But they made it work. “Each of us is a specialist in our own area,” says Alex. “We do not argue with each other, and we love our work a lot. [So,] It was a pleasure to work together.”
Hardest Elements to Create
The most challenging aspects of the project were the tools for working with the elements. A particular challenge was making the elements look good with and without the “extrude” effect. “[The] Extrude effect has to be lightweight, and not use too many resources on rendering,” Alex tells me. “So, we resorted, at first, to a crazy, but ultimately successful idea of shoving the entire animation of an element into one shape layer. Now, extrude itself can be increased to infinity, while painting faces in different colors.”
They also invested a lot of time into settings that allow the user to adjust the size of text, and graphic notes, while seeing those elements automatically reflect those changes in real-time.
The AE Viewer, and Font Manager, which make up the media manager that showcases all the 3D motion template elements that you can add to your project, took a huge investment of time too. It’s here that their different skills intersected the most, with the result being an incredibly intuitive system.
Easiest Elements to Create
“The animated typeface was the easiest,” says Dmitriy. “It all started from it. There was less creative responsibility. The letters spoke, and dictated their animations to me.”
Aesthetic and Style
When it comes to style, the team were keen to let the user’s imagination roam free. They played around with elements in their simplest form, shifting the focus from gradients, textures, and shadows to the way things animated.
This fits in well with the style that’s taken off in the YouTube arena. “Most authors tend to complement their videos with something bright and expressive,” says Dmitriy. “We tried to avoid too detailed elements…to [stay] appropriate in any context.”
Deciding on Which Elements to Create
The team built the elements to fit the concept of building blocks. Like Ikea, and Lego before it, they wanted to provide users with a sort of toolbox that they can then mix, match and create things with. “We made a set that will help you complete almost any task. Backgrounds…titles, badges, icons, hands…transitions,” and more, Alex tells me.
One of the most impressive categories of elements is the “Gadgets”. The team identified that everything from reviews to explainer videos tends to use mockups of devices like computers and smartphones to put the software, websites, and apps they’re talking about in context. So, the authors decided to make it easier on their users by streamlining the whole process. “We do everything…[so that] customers will not have to do anything by themselves,” says Alex.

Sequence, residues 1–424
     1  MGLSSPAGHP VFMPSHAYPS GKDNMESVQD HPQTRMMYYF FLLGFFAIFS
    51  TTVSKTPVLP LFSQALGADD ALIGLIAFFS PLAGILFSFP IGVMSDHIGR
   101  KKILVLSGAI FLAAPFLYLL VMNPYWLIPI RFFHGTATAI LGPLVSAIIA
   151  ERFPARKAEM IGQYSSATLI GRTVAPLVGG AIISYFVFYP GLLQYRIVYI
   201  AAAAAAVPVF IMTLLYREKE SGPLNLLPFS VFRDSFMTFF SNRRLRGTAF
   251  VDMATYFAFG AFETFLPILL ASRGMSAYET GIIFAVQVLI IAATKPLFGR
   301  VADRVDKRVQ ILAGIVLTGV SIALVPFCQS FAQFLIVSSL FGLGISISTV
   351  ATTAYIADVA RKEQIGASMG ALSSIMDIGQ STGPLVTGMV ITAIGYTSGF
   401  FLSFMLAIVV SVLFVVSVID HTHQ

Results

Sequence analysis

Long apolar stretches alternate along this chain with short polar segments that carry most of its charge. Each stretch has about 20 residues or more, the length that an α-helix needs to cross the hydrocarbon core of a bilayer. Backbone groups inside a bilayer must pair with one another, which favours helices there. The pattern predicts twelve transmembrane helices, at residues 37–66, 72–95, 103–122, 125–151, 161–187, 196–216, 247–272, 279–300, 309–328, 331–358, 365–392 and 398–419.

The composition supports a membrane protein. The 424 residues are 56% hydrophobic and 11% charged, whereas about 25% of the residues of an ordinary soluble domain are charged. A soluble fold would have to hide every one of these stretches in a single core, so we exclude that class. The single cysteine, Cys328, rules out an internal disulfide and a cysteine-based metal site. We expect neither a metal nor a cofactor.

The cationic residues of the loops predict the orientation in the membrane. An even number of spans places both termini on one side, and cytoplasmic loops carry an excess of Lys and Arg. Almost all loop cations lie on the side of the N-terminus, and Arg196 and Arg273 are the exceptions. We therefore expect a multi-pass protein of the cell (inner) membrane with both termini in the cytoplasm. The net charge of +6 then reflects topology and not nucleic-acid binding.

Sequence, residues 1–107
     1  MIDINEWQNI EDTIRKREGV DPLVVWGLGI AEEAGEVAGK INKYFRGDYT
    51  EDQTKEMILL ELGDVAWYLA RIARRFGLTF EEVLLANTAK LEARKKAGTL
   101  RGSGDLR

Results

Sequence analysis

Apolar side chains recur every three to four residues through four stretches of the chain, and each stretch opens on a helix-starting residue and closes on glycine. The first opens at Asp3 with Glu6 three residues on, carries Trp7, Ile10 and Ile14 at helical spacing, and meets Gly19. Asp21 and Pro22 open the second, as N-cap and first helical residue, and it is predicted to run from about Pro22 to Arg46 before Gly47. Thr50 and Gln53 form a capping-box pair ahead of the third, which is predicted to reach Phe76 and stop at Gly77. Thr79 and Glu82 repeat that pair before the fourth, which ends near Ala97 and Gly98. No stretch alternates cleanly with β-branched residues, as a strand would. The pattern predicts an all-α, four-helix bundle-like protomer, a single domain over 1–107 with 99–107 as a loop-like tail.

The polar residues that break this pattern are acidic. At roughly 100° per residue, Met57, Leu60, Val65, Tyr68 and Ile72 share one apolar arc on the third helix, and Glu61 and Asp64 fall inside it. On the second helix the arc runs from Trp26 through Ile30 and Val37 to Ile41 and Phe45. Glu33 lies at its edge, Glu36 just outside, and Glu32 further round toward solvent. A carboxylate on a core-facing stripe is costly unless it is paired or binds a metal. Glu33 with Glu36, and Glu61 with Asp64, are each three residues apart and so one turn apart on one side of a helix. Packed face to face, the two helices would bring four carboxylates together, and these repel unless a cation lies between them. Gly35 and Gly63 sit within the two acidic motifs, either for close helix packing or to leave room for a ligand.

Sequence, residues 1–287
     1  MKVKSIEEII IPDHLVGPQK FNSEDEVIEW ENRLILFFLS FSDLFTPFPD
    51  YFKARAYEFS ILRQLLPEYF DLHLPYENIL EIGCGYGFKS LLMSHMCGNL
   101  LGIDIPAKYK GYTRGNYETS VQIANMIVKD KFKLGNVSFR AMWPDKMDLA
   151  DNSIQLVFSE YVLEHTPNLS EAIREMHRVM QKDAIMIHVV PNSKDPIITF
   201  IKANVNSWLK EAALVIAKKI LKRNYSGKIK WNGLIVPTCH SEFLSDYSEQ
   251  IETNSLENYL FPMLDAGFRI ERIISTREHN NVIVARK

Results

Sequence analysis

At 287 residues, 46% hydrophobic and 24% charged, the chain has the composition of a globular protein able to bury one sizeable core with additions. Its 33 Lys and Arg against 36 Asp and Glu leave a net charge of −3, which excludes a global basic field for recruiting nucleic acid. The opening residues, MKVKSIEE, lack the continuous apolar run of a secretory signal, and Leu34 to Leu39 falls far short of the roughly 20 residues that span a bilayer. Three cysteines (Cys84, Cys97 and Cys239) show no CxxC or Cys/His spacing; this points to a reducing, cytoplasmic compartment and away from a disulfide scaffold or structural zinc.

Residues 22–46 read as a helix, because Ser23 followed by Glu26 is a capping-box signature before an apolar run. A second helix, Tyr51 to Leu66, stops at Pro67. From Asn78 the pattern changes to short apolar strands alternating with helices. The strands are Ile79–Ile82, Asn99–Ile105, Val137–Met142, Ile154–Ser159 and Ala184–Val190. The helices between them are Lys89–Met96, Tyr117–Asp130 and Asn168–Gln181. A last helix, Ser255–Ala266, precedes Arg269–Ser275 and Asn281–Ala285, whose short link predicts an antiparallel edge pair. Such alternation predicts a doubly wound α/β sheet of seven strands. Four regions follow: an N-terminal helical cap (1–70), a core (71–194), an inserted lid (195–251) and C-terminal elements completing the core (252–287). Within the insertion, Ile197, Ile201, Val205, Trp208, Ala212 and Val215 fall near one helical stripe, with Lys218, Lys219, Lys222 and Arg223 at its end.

Who’s Using It?
The timing of the Big Pack of Elements couldn’t be better. With competing packs of motion graphics designs like recarto’s 140 FlashFX pack becoming so ubiquitous that YouTube themselves used it in a wrap-up of 2016, the value and quality of Motion-Land’s pack positions it extremely well in an aggressively growing market.
“Only two months have passed, and it is gradually gaining popularity. We strive to achieve the same distribution as 140 FlashFX,” says Alex.
Deciding on Price
A big part of the pack’s success is its quality and value for money.
“We decided to make it less expensive. So, buying the regular license for one video, the buyer still has 50-150 elements,” says Alex. “In our opinion, unlimited licenses should not cost more than $159.”
“Two years later, we’re very satisfied with the result,” says Alex. “The feedback stimulates us, because, by the end of the project we were very exhausted.”
People have quickly and passionately taken up using the Big Pack of Elements and have let the team know what they think of it. “People write that it’s a pleasure to use the Big Pack, and…they will be happy to buy any of our new products.” It’s been reviewed well on ThemeKeeper Market and was even chosen by our specialists as VideoHive product of the week, with Motion-Land being selected as a featured author.
So, the question then becomes will the team collaborate again? “Of course!” says Alex. “We have a lot of unreleased ideas, and we will definitely create new products in the near future.” He says to expect updates to “Big Pack” and a full, standalone version of AEViewer very soon.